How to protect Windows networks from ransomware attacks

Even large companies like Honda can fall victim to a targeted ransomware attack. Take these steps to harden your Windows network against them.

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Honda’s Customer Service and Financial Services were apparently hit by a ransomware attack recently. Kaspersky found samples in the VirusTotal database that make it appear that the company was targeted by the Snake ransomware. This incident made me think about what we can learn from how Honda was targeted to better protect Windows networks from ransomware attacks.

Kaspersky indicated that the malware was launched using a file called nmon.bat. Calling a malicious file with the .bat extension means that alert tools would see that a scriptable or batch file was used in the network. In many environments this would be an allowed file.

The attackers used a file named KB3020369.exe in the attack. This is interesting since the Microsoft Knowledgebase number 3020369 is for a Windows 7 servicing stack patch. However, the file name of the actual patch is not KB3020369.exe, but Windows6.1-KB3020369-x64.msu. The attackers named malicious files in a pattern to “hide in plain sight” from the technology professionals.

The Snake ransomware removes Volume Shadow Copies from infected systems and then kills processes including those related to virtual machines, industrial control systems, remote management tools, and network management software. The attack sequence was built to resolve domains inside the Honda domain, as third-party researchers noted in an analysis of the attack. This indicates the attackers targeted the Honda network.

Attackers go after weak spots—people. They then hide in networks until they are ready to spring upon us, sometimes for months. That doesn’t include the time that attackers take to do reconnaissance on network infrastructure.

Using the Honda ransomware as a guide, here’s how you can better protect Windows networks:

Watch out for unauthorized tools, scripts and Group Policy settings

Kaspersky suggests that that a scheduled task was used to launch some of the attacks. You can watch for unauthorized activities like this in your event logs. Follow these steps for native Windows event log reviewing:

  1. Run eventvwr.msc.
  2. Go to “Windows logs.”
  3. Right-click on “Security logs” and then on “Properties”.
  4. Ensure that “Enable logging” is selected.
  5. Increase the log size to at least 1 GB.
  6. Look for event 4698 event ID to find the latest scheduled task.

As noted in a Netwrix blog, you can set up a PowerShell task to send an email notification when a new scheduled task is created and run. You may need a third-party SMTP service such as smtp2go.com to set up alerts. You can use other methods to set up notifications or see if your auditing software provides such a built in service.

Identify employees at high risk for targeted phishing attacks

A nice, juicy custom email to a key user – especially a domain administrator – can provide an attacker a way to get inside a network. More work from home means greater use of remote-access technology. Credentials rather than vulnerabilities in the operating system are the low hanging fruit of 2020.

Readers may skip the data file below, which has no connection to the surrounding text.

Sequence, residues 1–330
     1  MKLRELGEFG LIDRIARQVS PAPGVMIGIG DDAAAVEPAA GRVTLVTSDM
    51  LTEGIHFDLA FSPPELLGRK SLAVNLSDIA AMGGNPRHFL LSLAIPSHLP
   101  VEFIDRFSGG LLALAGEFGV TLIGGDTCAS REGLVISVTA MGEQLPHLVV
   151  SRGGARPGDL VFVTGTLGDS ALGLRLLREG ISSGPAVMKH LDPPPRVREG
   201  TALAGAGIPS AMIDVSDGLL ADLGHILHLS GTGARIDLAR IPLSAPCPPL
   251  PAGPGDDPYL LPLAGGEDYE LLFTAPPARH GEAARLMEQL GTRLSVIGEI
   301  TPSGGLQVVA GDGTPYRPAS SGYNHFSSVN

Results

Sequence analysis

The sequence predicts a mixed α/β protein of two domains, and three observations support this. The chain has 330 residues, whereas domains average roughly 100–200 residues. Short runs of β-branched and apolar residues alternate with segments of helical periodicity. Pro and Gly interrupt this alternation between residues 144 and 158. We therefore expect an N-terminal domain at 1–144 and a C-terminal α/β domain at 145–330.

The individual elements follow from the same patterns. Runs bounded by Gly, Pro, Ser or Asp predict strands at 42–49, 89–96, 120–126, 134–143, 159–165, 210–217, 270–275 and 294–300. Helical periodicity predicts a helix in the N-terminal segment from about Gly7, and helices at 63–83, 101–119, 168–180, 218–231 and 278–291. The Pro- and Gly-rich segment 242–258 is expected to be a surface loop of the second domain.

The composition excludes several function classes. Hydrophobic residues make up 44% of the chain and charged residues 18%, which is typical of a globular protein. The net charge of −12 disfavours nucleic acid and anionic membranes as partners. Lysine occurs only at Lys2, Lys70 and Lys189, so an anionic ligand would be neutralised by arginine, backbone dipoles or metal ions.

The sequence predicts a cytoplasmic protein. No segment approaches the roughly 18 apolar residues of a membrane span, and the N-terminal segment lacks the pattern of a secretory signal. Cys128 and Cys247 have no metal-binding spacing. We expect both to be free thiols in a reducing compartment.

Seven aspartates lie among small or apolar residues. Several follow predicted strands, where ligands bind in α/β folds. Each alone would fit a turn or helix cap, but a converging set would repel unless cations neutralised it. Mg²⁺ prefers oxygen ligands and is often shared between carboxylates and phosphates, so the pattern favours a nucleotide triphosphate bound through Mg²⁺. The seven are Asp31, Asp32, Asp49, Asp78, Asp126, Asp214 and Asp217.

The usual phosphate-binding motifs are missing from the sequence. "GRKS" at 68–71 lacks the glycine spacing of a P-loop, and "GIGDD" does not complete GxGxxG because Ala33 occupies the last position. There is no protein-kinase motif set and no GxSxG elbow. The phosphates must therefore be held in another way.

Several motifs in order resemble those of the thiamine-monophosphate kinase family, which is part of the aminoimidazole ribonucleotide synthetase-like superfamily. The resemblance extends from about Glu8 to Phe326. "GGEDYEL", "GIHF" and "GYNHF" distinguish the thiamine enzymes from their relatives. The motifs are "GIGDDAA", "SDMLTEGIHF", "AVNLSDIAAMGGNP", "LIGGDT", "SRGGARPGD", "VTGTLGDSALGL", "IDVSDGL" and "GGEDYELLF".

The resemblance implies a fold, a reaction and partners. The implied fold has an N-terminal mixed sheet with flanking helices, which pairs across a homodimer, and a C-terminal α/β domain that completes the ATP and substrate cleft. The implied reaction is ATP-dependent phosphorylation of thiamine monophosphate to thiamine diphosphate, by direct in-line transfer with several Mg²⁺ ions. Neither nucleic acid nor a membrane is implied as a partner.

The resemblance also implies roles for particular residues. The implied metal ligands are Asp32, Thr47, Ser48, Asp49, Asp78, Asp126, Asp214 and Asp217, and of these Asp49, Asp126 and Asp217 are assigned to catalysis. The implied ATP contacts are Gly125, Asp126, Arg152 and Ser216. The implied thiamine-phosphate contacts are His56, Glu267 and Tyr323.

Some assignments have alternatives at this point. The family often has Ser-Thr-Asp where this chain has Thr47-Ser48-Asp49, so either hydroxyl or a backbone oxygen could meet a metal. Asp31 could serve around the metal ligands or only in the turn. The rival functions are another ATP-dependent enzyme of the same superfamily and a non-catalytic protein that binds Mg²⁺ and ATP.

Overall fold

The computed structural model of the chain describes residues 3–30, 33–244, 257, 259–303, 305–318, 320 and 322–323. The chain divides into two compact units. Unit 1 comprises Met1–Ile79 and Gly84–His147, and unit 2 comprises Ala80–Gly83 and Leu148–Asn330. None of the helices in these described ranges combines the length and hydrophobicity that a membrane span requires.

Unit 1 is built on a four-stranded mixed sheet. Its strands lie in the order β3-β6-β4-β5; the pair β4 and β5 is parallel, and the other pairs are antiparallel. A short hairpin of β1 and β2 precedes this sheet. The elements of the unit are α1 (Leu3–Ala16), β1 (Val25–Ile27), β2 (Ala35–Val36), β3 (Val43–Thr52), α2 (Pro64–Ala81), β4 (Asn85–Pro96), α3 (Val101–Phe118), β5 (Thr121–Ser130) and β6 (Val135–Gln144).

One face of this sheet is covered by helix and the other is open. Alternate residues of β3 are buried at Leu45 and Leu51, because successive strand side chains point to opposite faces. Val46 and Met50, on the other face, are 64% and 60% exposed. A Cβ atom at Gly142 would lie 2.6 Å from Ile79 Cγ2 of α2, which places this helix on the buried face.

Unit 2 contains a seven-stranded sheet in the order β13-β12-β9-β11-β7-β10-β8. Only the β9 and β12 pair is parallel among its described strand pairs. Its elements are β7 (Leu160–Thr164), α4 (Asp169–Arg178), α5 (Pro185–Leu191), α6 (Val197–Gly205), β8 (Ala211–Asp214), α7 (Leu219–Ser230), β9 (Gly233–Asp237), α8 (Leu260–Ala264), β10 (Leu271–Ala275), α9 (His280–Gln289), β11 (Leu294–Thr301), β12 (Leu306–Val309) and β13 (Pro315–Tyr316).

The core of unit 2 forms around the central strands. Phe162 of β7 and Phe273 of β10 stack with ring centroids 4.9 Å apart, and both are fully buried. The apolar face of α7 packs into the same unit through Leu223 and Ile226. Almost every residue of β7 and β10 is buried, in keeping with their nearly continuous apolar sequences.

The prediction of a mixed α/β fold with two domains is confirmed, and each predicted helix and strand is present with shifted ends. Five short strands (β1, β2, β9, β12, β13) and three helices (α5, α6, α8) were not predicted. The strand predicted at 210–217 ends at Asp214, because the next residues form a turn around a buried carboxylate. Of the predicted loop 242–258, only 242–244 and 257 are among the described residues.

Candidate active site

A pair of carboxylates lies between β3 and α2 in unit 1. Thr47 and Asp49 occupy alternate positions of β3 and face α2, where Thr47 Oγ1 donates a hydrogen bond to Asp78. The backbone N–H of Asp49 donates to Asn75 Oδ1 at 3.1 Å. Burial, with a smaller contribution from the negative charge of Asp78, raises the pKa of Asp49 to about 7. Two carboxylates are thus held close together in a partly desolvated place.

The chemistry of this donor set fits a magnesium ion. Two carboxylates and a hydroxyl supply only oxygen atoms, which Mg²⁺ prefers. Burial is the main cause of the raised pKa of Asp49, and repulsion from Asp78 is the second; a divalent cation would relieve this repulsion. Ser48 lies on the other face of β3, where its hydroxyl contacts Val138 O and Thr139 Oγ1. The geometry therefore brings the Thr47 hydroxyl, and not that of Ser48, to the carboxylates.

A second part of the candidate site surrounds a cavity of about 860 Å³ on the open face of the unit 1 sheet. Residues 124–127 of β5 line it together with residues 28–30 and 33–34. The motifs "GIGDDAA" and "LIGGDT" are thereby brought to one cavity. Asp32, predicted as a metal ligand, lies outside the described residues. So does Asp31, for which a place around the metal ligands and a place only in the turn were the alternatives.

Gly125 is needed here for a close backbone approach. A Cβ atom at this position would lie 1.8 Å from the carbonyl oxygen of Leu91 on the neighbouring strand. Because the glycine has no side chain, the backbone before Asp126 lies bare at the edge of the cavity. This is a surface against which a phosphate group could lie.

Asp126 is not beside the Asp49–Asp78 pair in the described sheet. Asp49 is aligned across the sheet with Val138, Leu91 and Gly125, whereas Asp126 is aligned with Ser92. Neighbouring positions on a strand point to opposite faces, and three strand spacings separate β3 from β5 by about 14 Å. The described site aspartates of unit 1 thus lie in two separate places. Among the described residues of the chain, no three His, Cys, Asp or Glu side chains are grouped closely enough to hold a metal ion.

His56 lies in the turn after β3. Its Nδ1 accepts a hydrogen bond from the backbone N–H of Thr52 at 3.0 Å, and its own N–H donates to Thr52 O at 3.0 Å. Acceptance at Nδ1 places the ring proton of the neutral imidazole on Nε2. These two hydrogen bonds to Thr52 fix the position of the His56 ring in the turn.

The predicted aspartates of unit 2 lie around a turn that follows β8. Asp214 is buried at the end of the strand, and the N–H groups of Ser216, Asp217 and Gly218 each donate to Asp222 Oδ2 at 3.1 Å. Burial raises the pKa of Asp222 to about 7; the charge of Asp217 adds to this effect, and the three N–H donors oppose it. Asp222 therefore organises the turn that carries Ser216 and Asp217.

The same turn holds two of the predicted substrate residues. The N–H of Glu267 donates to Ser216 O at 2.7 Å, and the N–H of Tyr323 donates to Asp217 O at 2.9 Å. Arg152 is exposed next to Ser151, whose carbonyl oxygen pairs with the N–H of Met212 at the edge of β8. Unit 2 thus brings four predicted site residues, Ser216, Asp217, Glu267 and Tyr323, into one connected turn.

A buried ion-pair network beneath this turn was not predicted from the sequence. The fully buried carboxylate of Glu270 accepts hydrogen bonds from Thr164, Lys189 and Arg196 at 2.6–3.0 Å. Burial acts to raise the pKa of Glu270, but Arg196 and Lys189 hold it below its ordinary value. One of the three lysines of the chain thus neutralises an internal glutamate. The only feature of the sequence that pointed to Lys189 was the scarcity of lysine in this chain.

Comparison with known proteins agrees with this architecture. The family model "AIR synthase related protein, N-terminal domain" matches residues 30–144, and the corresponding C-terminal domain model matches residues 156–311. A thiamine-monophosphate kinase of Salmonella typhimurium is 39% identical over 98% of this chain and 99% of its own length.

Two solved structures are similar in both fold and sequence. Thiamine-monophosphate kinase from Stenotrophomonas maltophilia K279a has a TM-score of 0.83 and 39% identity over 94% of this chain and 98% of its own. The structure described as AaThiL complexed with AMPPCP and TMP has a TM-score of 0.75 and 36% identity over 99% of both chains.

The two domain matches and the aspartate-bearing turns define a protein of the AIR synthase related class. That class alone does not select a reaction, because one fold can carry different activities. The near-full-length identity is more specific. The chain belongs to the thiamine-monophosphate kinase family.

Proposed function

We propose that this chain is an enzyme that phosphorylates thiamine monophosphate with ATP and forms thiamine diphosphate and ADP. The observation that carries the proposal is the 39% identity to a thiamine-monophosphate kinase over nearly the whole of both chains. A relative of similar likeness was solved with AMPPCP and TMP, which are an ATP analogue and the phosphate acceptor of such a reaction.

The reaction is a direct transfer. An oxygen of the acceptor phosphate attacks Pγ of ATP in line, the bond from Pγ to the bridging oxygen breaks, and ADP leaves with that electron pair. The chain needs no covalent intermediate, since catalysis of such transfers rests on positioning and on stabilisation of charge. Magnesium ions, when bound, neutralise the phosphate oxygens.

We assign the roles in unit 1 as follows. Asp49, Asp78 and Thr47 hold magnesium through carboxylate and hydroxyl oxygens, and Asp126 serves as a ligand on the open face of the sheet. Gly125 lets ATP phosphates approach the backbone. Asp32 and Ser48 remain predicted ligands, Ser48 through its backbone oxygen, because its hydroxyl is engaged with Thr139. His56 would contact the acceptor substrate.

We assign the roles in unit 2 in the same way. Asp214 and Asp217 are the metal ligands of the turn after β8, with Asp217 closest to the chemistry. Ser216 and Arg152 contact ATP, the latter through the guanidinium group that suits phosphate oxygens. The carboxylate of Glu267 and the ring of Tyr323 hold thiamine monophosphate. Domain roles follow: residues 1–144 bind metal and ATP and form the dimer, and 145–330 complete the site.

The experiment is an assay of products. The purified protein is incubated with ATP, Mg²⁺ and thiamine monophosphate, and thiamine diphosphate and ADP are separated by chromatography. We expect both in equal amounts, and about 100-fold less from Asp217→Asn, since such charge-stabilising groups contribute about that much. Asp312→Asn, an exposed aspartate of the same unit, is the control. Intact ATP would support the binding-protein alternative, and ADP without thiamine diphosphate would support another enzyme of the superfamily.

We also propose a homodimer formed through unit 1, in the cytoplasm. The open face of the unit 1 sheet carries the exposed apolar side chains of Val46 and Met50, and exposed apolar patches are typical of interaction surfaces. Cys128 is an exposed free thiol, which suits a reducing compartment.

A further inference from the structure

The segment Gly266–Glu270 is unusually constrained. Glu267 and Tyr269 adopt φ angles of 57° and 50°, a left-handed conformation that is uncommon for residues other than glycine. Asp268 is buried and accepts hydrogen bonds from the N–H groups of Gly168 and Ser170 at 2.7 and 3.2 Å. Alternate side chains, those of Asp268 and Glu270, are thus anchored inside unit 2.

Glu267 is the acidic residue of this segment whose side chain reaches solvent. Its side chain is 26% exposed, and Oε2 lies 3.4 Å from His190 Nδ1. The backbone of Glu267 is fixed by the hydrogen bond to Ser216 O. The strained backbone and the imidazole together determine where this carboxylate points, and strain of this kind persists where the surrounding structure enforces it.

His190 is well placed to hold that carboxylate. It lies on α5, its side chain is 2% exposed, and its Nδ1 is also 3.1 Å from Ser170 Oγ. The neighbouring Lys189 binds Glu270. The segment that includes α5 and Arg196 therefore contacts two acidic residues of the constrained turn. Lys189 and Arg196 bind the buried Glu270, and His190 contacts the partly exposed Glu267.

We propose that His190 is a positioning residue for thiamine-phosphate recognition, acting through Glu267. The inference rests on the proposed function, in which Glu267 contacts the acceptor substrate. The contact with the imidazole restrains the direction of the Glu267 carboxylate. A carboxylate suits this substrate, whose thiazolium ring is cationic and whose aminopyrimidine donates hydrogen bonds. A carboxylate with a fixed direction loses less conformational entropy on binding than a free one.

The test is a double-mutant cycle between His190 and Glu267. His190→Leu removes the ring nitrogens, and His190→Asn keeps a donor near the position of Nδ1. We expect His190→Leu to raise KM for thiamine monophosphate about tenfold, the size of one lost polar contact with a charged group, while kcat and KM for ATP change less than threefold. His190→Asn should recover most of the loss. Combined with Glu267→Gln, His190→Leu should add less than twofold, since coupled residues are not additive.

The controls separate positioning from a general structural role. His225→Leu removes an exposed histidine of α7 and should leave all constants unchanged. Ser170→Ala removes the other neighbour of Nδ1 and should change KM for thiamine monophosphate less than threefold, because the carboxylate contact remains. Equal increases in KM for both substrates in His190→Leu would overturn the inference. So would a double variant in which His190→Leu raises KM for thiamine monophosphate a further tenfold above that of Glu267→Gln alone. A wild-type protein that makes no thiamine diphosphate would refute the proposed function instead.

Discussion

Review your licenses and tools that you provide to key employees. You can mix and match Microsoft 365 licenses within your firm so that not everyone needs to use the same license or the same level of protections. Review the need for Microsoft 365 E5 licenses that include Advanced Threat Protection (ATP). This service recently included UEFI malware detector in machines with ATP enabled. As Microsoft recently noted, “The new UEFI scanner reads the firmware file system at runtime by interacting with the motherboard chipset.” Microsoft Defender ATP also provides the admin with an actionable list of actions to take:

bradley ransomware Susan Bradley

Microsoft Defender ATP actions to take

Review Group Policy domain and script folders for malicious files

Attacks are often launched from the very locations that administrators use to manage the network. Take the time to validate the files you keep and the script locations. Review for any new files added to folders used for administration. Review for proper permissions on folders to ensure only authorized users can add or adjust these management scripts.

Use multi-factor authentication for privileged accounts

Most importantly, ensure that domain administrators have multi-factor authentication (MFA) enabled whenever remote access is needed. Also enable MFA for Microsoft 365 accounts. Review what accounts are used in your network and where you use them.

Review your backup strategies.

Having a good backup that you can recover from helps ensure you can respond to ransomware without paying the ransom. Have regular automatic backups and make sure they are protected. The user account that does the backup process should not be the same as the user who logs in. Finally, have an offline backup process in your rotation so that media is taken offsite or offline, preventing attackers from deleting backup files. I cannot stress this enough: Having a backup is very much key to recovery from a ransomware attack.

Copyright © 2020 IDG Communications, Inc.

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